Digital ad tax litigated in Maryland federal court case

ANNAPOLIS, Md. — Lawyers in a federal court challenge to Maryland’s first digital advertising tax argued Thursday over whether the law was an unconstitutional tax or penalty targeting Big Tech.

Maryland state attorneys and an attorney representing Big Tech presented arguments during a virtual hearing before U.S. District Judge Lydia Kay Griggsby in a case that is being closely watched by other states that are also considering a tax on online advertisements.

Julia Bernhardt, Maryland’s assistant attorney general, defended the law as a legitimate revenue-raising measure approved by the state legislature to raise funds for education. Proponents described it as a necessary step to modernizing the state’s tax system.

“It’s not a penalty, and it’s not a regulatory fee,” Bernhardt said of the law, adding, “It benefits the whole public, and that’s the most important factor .”

The law was approved by Democrats who control the legislature, despite Republican Gov. Larry Hogan’s veto, to raise about $250 million a year to help pay for a K-12 education measure aimed at expanding early childhood education, increase teacher salaries, boost college and career readiness, and help struggling schools. The law was challenged in US District Court in Maryland just days after the veto waiver last year.

Lawyers representing the United States Chamber of Commerce, the Internet Association, NetChoice and the Computer and Communications Industry Association are challenging the law. They say it violates the federal Internet Tax Freedom Act, which prohibits discrimination against e-commerce, as well as other federal laws.

Michael Kimberly, who represents the plaintiffs, argued the law was narrowly tailored, punitive and “extraordinarily burdensome”. He said it was specifically designed to have the biggest impact on companies like Facebook, Google and Amazon.

Kimberly cited criticism from Maryland lawmakers who accused Big Tech of spreading misinformation and hate speech as an indication that the legislation had a punitive intent. He also noted a follow-on bill approved by lawmakers last year that exempted broadcasting companies and news outlets.

“The explanation is clear in legislative history,” Kimberly said. “That’s because they weren’t the companies lawmakers understood to be engaging in improper conduct.”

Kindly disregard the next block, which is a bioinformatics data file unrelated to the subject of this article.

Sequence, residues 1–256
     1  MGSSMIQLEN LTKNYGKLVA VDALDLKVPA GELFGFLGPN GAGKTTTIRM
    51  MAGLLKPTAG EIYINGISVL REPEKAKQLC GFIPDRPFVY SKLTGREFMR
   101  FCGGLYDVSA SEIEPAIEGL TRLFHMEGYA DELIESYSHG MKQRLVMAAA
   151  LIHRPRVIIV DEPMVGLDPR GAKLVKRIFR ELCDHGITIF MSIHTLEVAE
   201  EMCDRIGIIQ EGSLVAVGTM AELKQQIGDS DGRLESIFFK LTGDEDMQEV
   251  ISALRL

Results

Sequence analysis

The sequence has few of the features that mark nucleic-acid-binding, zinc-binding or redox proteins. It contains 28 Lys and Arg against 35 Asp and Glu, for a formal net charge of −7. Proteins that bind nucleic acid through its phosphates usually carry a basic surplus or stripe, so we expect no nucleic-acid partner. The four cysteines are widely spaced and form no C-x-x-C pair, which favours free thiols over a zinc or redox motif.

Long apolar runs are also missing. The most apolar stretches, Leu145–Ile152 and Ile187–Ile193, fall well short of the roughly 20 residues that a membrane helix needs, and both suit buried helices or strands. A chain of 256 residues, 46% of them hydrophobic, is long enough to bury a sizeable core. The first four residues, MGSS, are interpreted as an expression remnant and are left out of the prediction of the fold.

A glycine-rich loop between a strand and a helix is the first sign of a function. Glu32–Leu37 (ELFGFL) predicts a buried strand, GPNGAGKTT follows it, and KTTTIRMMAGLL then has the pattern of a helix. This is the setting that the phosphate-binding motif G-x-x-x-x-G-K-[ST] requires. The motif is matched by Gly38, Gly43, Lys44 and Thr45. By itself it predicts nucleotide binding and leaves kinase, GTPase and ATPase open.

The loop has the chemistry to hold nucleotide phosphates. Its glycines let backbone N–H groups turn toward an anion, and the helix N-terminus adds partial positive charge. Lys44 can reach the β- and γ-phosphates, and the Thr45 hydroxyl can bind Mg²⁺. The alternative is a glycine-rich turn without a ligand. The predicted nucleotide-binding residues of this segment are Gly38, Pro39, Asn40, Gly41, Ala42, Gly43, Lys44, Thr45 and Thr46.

He told the judge the take-home message was that there’s nothing wrong with selling digital advertising if you’re a small business and don’t have too much clout.

“It’s also OK to be in this business if you’re a broadcast company or a news agency, but if you’re Big Tech, it’s not OK, and once you have outsized influence, you spread hate speech, we’re going to punish you for it,” Kimberly said. “It’s clear in every element of this law.”

When the judge asked where this language could be found, Kimberly said it was part of legislative history and comments made by the sponsor of the digital ad tax legislation, the President of the Senate of Maryland, Bill Ferguson.

Griggsby said that while she understood this was one person’s view, state attorneys made it pretty clear that the money raised would go to education and that there was no nothing in the law that talks about attacking tech companies.

Kimberly said the record is clear the tax was designed to “address these negative externalities by subsidizing education to ensure that children are more technologically savvy.”

The law would tax the revenue affected companies make on digital ads served in Maryland. The tax rate would be 2.5% for businesses with gross annual revenue of $100 million; 5% for companies whose turnover is greater than or equal to 1 billion dollars; 7.5% for companies with sales of $5 billion or more and 10% for companies with sales of $15 billion or more.

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